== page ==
Friendswood family brings it all to the table
It’s all about family, friends and their shared Lebanese culture in Leslie and Jerome Karam’s Friendswood kitchen. From signature dishes bubbling away on the six-burner range, to a tray of appetizers cooling in the oversized stainless steel refrigerator, food and its preparation are central to the household’s personal and social lifestyles.
“As the mother of five, this is where I spend my life,” said Leslie Karam, as she positioned herself behind the kitchen’s restaurant-size cook station. But instead of facing the usual stovetop backsplash or wall, Karam is looking out toward the center of the room with an unobstructed view of all adjacent indoor spaces, plus the multi-acre backyard.
“When we remodeled this area — and it was a major undertaking that involved jackhammering the floor — I planned the kitchen so I could cook and still see the kids wherever they were — on the trampoline, in the pool or beyond,” she said. “I can see everything from here — everything.”
Although the couple’s three boys and two girls are growing up fast — all but one are now in college — the family unit is still all-important, and the sharing of meals and food preparation remains central to their lifestyle.
“As Lebanese parents, we believe that you raise a family at the table, amid love, laughter and great food,” she said, adding that everyone in the family is expected to help with culinary activities.
The Karams entertain frequently, and food is central to those occasions, when as many as 300 guests may show up to enjoy the family’s traditional favorites.
“The Lebanese are known for their hospitality,” she said. “It is part of our culture, and you cannot come into a Lebanese home without having something to eat.”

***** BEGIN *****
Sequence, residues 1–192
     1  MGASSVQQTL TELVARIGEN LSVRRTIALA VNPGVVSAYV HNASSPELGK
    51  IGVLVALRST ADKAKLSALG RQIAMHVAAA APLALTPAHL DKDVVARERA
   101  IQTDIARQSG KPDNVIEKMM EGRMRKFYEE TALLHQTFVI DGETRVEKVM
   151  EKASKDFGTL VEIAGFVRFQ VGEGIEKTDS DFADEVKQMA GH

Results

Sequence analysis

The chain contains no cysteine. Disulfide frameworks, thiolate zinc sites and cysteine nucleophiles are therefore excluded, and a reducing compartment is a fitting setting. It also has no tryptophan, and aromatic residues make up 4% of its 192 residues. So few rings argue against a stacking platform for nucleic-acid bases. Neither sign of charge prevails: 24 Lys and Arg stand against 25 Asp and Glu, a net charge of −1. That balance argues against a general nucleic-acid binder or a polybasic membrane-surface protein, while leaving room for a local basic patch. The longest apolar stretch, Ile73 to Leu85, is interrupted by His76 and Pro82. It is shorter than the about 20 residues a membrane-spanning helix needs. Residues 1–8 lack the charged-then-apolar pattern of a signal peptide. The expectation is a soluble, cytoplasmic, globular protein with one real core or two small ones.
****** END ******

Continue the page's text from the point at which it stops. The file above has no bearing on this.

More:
A former French teacher, Karam has applied her educational expertise to ensure that daughters Joann and Jordan are as fluent with traditional Lebanese food preparation and customs as she is. Jordan is even putting together a recipe book of Lebanese favorites so she can cook for college friends.
Friendswood attorney and developer Jerome Karam has similarly continued a tradition from his boyhood by teaming up with the couple’s sons — Jacob, Joshua and Justin — to man the twin bed-size grill outdoors.
Originally from Oakdale, La., Jerome Karam also is known for his crawfish-cooking expertise, and thanks to a specially fabricated multi-gallon cooker, has been known to turn out as many as 2,000 pounds of the succulent crustaceans for a single event.
Cooking indoors for large numbers has its own special demands, however, so the Karams’ spacious “old world” style kitchen has been carefully planned to accommodate preparation for a crowd. With high ceilings, recessed lighting, wrought-iron furnishings and rugged slate flooring, it features an abundance of counter and work spaces. Two widely separated sink-and-prep areas provide for additional traffic control around these much-frequented work stations.
The vintage charm of the kitchen and dining area is enhanced by wrought-iron furnishings and fixtures, and a display of crosses fills one wall. Original artwork includes a museum’s worth of colorful paintings by Jordan. And a series of black and white portraits done by Joann of her siblings takes center stage over the fireplace.
Leslie Karam’s secret to successfully cooking for a crowd is a sleek 12-by-4-foot island of polished dark granite that flows across the kitchen toward the back patio. Supported by massive, classically styled columns in antique green and surrounded by heavily carved wood bar chairs, it can do triple duty as a work area for food preparation, a serving area for food presentation and a dining area for food appreciation.